As mobile devices get more powerful and use cases get more complicated, users start to expect more graphical sophistication not only in their games but also in fluid and responsive user interfaces as well. That is why Qualcomm, one of the leading system-on-chip manufacturers today, is continually working on improving its Adreno graphics chips, the fruits of which we may start seeing early next year.

Adreno is the name given to the series of graphics processing units or GPUs developed by Qualcomm to go along with its processors. The most recent GPU at the moment is the Adreno 330 which comes with the Qualcomm Snapdragon 800 chip that is found in most high-end smartphones today. The company is rumored to be working on a next-generation Adreno 400 that is set to unveil together with the next Snapdragon processor.

There is very little detail on what the Adreno 400 will be bringing to the table, though it is only natural to expect that it will outdo the Adreno 330 to some extent. Currently the Adreno 330 has a 3.6 gigapixels per second fillrate, that is the amount of pixels it can render in one second, while the Adreno 320 before it was able to get 3.2 gigapixels per second. It is reasonable to speculate that the next chip could potentially reach or even surpass the 4.0 gigapixel mark. There are rumors, however, that the Adreno 400 will remove support for OpenCL, the Open Computing Language framework that allows programs to utilize the GPU, which is inherently faster than the CPU at number-crunching, as if it were a normal processor. That may, however, have very little effect on Android as the mobile platform does not inherently use OpenCL and has an equivalent framework called Renderscript instead.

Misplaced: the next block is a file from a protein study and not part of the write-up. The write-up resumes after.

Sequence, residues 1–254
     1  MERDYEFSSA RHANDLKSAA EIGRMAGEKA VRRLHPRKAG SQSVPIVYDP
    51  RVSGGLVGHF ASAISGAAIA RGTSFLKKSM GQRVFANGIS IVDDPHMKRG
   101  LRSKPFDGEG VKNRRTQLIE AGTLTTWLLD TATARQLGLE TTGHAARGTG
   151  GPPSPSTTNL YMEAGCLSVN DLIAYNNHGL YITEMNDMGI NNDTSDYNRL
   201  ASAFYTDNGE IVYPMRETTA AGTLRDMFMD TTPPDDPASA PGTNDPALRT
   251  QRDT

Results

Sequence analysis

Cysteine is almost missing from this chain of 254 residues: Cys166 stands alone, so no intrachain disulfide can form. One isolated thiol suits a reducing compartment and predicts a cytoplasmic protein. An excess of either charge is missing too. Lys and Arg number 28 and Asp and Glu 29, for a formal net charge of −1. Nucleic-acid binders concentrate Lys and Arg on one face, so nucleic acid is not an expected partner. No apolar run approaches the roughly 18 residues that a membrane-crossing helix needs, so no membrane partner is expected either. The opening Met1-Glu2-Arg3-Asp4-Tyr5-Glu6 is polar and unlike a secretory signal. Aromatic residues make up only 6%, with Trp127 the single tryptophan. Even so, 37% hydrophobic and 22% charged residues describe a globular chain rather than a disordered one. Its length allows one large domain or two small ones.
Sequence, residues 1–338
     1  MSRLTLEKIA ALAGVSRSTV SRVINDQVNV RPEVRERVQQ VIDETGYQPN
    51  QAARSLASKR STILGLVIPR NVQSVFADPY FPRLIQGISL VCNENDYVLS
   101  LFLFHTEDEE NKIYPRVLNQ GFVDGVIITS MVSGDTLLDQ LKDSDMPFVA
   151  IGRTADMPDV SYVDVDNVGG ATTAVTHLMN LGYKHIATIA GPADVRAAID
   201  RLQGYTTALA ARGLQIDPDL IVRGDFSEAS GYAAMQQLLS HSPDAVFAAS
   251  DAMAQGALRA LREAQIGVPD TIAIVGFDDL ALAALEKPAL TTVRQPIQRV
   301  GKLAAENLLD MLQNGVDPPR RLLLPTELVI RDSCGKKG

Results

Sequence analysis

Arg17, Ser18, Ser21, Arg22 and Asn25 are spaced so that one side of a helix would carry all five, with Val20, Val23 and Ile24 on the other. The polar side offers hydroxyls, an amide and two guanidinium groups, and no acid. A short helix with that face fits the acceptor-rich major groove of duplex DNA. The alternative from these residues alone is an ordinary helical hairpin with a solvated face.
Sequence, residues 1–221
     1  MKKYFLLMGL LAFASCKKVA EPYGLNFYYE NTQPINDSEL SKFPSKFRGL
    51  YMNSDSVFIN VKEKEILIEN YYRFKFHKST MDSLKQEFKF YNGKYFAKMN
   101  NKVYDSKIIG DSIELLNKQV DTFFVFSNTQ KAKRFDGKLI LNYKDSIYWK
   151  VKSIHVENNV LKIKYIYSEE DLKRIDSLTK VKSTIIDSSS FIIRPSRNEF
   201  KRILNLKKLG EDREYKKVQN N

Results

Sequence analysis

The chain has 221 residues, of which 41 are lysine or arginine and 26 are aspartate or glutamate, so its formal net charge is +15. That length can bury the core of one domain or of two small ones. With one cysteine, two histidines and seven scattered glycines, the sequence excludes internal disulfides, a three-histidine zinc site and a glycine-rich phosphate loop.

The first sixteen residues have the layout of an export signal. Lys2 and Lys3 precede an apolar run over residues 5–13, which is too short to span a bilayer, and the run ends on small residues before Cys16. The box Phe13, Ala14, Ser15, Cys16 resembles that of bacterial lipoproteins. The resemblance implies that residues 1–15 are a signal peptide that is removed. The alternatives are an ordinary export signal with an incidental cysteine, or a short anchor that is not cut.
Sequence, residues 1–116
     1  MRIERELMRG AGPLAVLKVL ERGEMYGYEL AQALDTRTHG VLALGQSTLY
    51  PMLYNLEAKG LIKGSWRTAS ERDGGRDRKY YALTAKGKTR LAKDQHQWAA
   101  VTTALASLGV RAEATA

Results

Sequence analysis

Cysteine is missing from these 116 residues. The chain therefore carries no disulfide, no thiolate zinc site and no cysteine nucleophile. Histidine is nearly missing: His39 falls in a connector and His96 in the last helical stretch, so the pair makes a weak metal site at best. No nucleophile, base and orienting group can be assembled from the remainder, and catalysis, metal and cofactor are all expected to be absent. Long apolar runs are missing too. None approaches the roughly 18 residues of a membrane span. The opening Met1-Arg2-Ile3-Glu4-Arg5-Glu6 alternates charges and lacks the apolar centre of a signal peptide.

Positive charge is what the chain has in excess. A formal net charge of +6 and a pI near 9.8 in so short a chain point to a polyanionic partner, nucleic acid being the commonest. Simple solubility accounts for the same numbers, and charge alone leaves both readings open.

Much of the Adreno 400 is still shrouded in mystery but that might change in a few months’ time. Qualcomm is expected to unveil its next Snapdragon, and thus the next Adreno, at the Consumer Electronics Show in early 2014.


  • ISH-3000

    Hello DUO CORE 64BIT soc @ 2.2Ghz..

  • stucrmnx120fshwf

    We know Apple have already gone 64 bit, Samsung make their chips, Samsung are probably already pumping out the 14 nm chips, for integration with the GS 5, possibly to be announced at CES 14, Snapdragon 800, Adreno 330 is UD playback capable. Note 3 can record UD, Nexus 10 from over a year ago, has half the pixels, at 4 MP of UD at 8 MP, at 4 X the transistors running at twice the speed, 14 nm could give us UD gaming. Its time we had a UD tablet, 4X5″ FHD=10″ UD, Toshiba demonstrated a 10″ UD prototype at CES 13, personally I want to see Android get there first, but Apple have beaten us to 64 bit, they were first to exceed FHD (1080p.) The background is getting there too, with fiber to the home, hybrid fiber coax, fiber to the node, or apartment building basement, VDSL, power line home networks, to WiFi ac 1GB/s hotspots in every room. I managed to get 1080p (FHD) streaming, at peak hour, at my sisters place with just ADSL 2+, power line WiFi on a $50 Android HDMI stick, at just 150 MB/s, you only need around 6 MB/s and 20 MB/s for UD. UD (4k) is only 4X the pixels after all, 39″ have been $700 for 4 months now, UD BD players are now $330, UD Android sticks are $100. I managed to stream 3D, from my $320 FHD tablet, to my $35 Chromecast and $270 year old 3D screen, via a $60 power line WiFi hotspot and $40 ADSL 2+ modem, UD SOCs cost $20 wholesale. 8MP cameras can record UD, Nokia’s latest Windows Phone has five times as many pixels, RAM costs $1 a GB wholesale, flash drives cost 10¢ a GB wholesale and falling, just technobabling on, hope you found it amusing. :-).